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Outcomes of patients with atrial fibrillation on oral anticoagulation with and without heart failure: the ETNA-AF-Europe registry

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AIMS: Heart failure (HF) is a risk factor for major adverse events in atrial fibrillation (AF). Whether this risk persists on non-vitamin K antagonist oral anticoagulants (NOACs) and varies according to left ventricular ejection fraction (LVEF) is debated.

METHODS AND RESULTS: We investigated the relation of HF in the ETNA-AF-Europe registry, a prospective, multicentre, observational study with an overall 4-year follow-up of edoxaban-treated AF patients. We report 2-year follow-up for ischaemic stroke/transient ischaemic attack (TIA)/systemic embolic events (SEE), major bleeding, and mortality.

Of the 13 133 patients, 1854 (14.1%) had HF. Left ventricular ejection fraction was available for 82.4% of HF patients and was =40% in 857 (56.1%).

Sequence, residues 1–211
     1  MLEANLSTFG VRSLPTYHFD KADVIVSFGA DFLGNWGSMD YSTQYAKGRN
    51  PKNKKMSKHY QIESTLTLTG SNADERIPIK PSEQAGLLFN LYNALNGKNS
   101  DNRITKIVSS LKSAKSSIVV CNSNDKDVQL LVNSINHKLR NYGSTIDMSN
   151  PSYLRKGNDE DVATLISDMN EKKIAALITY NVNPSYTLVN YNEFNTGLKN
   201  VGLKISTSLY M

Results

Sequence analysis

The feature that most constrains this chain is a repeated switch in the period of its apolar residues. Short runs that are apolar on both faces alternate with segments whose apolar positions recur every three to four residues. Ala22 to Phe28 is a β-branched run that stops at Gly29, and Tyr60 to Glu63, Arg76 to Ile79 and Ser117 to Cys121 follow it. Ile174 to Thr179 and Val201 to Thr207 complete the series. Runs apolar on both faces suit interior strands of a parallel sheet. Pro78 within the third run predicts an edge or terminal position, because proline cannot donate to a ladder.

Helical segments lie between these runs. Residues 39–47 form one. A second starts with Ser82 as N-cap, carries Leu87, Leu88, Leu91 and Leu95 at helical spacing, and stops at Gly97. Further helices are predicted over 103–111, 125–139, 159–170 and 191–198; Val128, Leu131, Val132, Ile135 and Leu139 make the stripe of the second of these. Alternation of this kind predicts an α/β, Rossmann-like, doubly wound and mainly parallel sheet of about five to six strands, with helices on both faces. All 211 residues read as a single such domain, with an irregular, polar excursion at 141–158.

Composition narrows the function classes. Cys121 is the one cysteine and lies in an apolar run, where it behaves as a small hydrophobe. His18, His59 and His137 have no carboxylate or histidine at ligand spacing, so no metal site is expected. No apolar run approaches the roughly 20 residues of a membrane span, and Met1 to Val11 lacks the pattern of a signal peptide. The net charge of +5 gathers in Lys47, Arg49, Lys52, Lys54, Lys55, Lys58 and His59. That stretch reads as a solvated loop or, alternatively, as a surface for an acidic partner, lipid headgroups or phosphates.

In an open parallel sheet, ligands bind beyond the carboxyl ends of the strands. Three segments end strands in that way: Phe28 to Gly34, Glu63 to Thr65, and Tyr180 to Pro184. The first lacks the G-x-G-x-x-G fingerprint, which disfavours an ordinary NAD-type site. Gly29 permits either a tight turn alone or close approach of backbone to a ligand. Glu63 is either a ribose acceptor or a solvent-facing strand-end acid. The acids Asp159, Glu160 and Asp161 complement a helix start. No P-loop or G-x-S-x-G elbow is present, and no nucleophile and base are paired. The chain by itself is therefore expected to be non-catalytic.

Patients with HF were older, more often men, and had more comorbidities. Annualized event rates (AnERs) of any stroke/SEE were 0.86%/year and 0.67%/year in patients with and without HF.

Compared with patients without HF, those with HF also had higher AnERs for major bleeding (1.73%/year vs. 0.86%/year) and all-cause death (8.30%/year vs. 3.17%/year). Multivariate Cox proportional models confirmed HF as a significant predictor of major bleeding [hazard ratio (HR) 1.65, 95% confidence interval (CI): 1.20-2.26] and all-cause death [HF with LVEF =40% (HR 1.80, 95% CI: 1.45-2.23)] but not of ischaemic stroke/TIA/SEE.

CONCLUSION: Anticoagulated patients with HF at baseline featured higher rates of major bleeding and all-cause death, requiring optimized management and novel preventive strategies. NOAC treatment was similarly effective in reducing risk of ischaemic events in patients with or without concomitant HF.